The support of an variate cumulative distribution function is the complement of the union of all open sets of with volume zero. Intuitively, the support of a mixed strategy is just the closure of the set of pure strategies that might be chosen.
2.2. Strategies
A mixed strategy, or a distribution of force, for player is an variate cumulative distribution function (cdf) with support in the set of feasible allocations of force . This means that if player chooses strategy , then the probability that is . has marginal cumulative distribution functions , one univariate marginal cumulative distribution function for each battle field . is the probability that . Equivalently, , where the th argument is , and the rest of the arguments are , the player’s entire allocation of force. We write .
In the case where the mixed strategy is the combination of finite pure strategies, the mixed strategy where units of force are distributed the battlefields respectively with probability is denoted by
Here and .
2.3. The Asymmetric Colonel Blotto Game
The Asymmetric Colonel Blotto game with battlefields, denoted by
is a oneshot game in which players simultaneously and independently announce distributions of force subject to their budget constraints and , for each , and such that for . Each battlefield, providing a payoff of , is won by the player that provides the higher allocation of force on that battlefield (and declared a draw if both players allocate the same level of force to a battlefield, each gaining a payoff of ), and players’ payoffs equal the sum of the payoffs over all the battlefields.
2.4. Nash equilibrium
Mixed strategies and form a Nash equilibrium if and only if neither player can increase payoff by changing to a different strategy.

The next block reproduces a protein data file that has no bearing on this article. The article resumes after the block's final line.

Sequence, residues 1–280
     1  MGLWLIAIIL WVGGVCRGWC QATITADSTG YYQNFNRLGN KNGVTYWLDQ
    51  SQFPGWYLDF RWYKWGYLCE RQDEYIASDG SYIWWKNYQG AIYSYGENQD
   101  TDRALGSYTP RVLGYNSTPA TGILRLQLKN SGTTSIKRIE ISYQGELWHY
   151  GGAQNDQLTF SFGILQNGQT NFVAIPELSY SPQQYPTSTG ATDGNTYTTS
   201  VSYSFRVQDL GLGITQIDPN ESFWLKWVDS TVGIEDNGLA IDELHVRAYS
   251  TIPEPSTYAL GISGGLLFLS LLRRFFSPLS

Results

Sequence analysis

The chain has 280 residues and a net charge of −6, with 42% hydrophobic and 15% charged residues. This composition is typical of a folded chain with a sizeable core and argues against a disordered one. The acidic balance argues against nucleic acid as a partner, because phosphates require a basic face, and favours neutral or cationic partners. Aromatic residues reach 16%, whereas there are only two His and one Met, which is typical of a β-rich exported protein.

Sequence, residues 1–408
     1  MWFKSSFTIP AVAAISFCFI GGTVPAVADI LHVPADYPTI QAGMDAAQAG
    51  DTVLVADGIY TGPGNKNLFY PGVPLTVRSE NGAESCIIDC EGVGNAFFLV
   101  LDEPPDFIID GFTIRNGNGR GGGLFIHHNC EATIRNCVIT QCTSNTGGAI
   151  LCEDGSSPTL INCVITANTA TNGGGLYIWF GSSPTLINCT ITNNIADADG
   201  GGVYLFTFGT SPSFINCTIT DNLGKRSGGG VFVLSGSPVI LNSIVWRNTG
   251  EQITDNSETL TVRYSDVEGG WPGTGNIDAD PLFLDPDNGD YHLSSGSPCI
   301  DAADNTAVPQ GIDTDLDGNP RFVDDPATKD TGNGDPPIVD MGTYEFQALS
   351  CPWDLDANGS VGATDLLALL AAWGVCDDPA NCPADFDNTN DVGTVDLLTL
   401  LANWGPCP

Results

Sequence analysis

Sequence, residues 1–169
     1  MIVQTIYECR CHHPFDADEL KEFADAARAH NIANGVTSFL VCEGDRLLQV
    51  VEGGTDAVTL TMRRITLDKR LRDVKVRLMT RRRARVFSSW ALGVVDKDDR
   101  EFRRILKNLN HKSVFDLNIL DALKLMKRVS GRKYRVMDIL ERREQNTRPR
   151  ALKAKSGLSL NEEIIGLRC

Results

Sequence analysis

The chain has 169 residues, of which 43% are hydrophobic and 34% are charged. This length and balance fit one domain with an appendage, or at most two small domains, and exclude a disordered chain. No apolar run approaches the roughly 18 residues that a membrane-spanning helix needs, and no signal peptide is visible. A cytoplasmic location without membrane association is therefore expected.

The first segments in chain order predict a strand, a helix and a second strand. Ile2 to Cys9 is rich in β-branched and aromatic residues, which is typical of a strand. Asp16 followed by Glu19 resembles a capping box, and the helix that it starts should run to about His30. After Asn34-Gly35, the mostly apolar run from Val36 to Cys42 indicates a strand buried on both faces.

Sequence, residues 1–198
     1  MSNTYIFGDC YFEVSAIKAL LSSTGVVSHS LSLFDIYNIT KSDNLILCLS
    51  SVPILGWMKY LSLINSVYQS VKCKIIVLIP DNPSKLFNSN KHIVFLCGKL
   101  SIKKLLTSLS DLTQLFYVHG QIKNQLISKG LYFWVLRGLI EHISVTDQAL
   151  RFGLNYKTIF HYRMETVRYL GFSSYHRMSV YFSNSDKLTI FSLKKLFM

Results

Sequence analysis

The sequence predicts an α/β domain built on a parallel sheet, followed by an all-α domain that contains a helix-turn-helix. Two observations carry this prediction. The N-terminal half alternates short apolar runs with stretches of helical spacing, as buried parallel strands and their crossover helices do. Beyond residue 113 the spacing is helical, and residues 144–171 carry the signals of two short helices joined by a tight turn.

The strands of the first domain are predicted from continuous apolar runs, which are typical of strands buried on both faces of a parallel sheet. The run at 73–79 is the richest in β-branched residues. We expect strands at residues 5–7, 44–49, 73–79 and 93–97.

Since this particular game is twoplayer and constantsum, it has the interesting property that the equilibrium payoff is always unique:
Theorem 2.1.
The Nash equilibrium payoff for both players of any twoplayer and constantsum game is unique.
Proof.
Suppose and is a pair of Nash equilibrium strategies. Let be the payoff for player . For any pair of Nash equilibrium strategies and , let be the payoff for player .
Let us consider the payoff for both players when player plays strategy and player plays strategy . Call the payoff for player and the payoff for player . Since is a strategy in a Nash equilibrium, . Similarly, . So . Since we are considering a constant sum game, . Hence, . Similarly, we must have . So . Similarly . ∎
3. Optimal univariate marginal distributions for three battlefields
In this section we use copulas to separate the joint distributions of players into the marginal distributions and suitable copula. We also find and prove the unique univariate marginal distribution for .
Let us first introduce the concept of copulas:
Definition 3.1.
Let denote the unit interval . An copula is a function from to such that

For all , if at least one coordinate of is ; and if all coordinates of are except , then .

For every such that for all , the volume of the box satisfies
The crucial property of copulas that we need is the following theorem of Sklar:
Theorem 3.1 (Sklar, [Skl59]).
Let be an variate distribution function with univariate marginal distribution functions . Then there exists an copula such that for all ,
(1) 
Conversely, if is an copula and are univariate distribution functions, then the function defined by equation 1 is an variate distribution function with univariate marginal distribution functions .
The proof of this theorem can be found in [SS83].
This theorem establishes the equivalence between a joint distribution on the one hand, and a combination of a complete set of marginal distributions and a copula on the other hand. We will now show that the univariate marginal distribution functions and the copula are separate components of the players’ best responses.
Proposition 3.2.
In the game , suppose that the opponent’s strategy is fixed as the distribution , and that . Then, in order for player to maximize payoff under the constraint that the support of the chosen strategy must be in , player must solve an optimization problem. Given that there are no atoms in Nash equilibrium strategies (Theorem 3.5), we can write the Lagrangian for this optimization problem as
(2) 
where the set of univariate marginal distribution functions satisfy the constraint that there exists an copula such that the support of the variate distribution
is contained in .^{3}^{3}3Here we only maximize over the set of that satisfy the constraint, not all of them.
Proof.
The payoff for player given the opponent’s marginal distribution functions is the sum of the payoffs across all the battlefields: